In the present case, there are a thousand reasons to reject Donald Trump, and his piggishness makes for a nice part of the mix. Still, one might think it’s important to get seriously into those other political issues, to compare positions on things like the economy, war, etc. We’re not so much on that terrain anymore, are we? Barring a deus ex machina, Trump is now effectively toast, having been burned to a crisp over the last two weeks by the issue of his sexual aggressiveness, which was pursued relentlessly by the Clintonites and the press as a disqualifier.

Nothing to regret about that result, but it is to be remarked how, once that issue is stoked, it becomes an unstoppable train that flattens everything else, starting with the candidate it was aimed at. It wasn’t his vicious, racist remarks about Muslims, or about the Central Park Five, that quickly and definitively steamrolled The Donald; it was grabbing pussy. We should be wary of those who are so gleeful about having this train barreling down the track at Trump, and who have, and would again, object to that same dynamic if it were threatening to crush their favored politician.

We should remark, too, how Hillary played and fared in this game. It was she who started this fire, when, at the very end of the first debate, she brought up Trump’s derogatory remarks about women, and his fat-shaming of Alicia Machado. Then there appeared, fortuitously, the Access Hollywood tape, ensuring that the issue would be pursued. As the NYT article says, Hillary then retreated into her cone of “virtual silence” on the subject, leaving the heavy-hitting to Michelle and crew. Hillary can continue to “tread lightly,” insisting that she takes “absolutely no satisfaction” in what is happening to Trump. Absolutely.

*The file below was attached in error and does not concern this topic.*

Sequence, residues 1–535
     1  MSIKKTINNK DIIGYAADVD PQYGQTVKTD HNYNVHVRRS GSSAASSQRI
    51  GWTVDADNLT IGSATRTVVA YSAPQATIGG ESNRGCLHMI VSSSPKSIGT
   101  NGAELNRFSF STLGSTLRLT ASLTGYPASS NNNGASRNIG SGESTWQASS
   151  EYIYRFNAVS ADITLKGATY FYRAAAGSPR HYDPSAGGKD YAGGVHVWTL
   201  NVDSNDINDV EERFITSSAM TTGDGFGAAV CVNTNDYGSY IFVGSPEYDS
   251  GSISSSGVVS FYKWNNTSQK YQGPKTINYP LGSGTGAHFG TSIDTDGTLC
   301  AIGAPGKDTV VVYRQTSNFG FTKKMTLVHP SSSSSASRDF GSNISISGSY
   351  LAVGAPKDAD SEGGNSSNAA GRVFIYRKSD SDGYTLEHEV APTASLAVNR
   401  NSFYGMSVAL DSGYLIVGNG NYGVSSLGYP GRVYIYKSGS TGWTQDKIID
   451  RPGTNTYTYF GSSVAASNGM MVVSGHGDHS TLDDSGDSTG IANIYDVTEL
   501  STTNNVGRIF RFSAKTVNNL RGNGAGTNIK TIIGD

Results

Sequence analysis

Donald provided an easier target than Poppy.

And when Trump, at the next debate, brought in some of the women whom Hillary slut-shamed, the network commentators were aghast at how he was using these confused and troubled women for his political advantage.

So, Hillary gets to raise the issue, and then hide from it. And the NYT helps her, with an article that pretends to explain why she’s hiding from the issue, but is itself actually hiding the real reasons from its readers. She throws a stink bomb into the campaign, and then runs off to be showered and perfumed by the press, which casts her aggressive slut-shaming as “imperfection.” Catch me if you can.

Certainly well played, and Hillary supporters may delight in the result. But no one should be surprised at how many people—from right to left—see through this hide-and-seek, know right where Hillary and the establishment press stand, and, when not enraged at, are increasingly bored with, how this game is always played.

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Jim Kavanagh edits The Polemicist.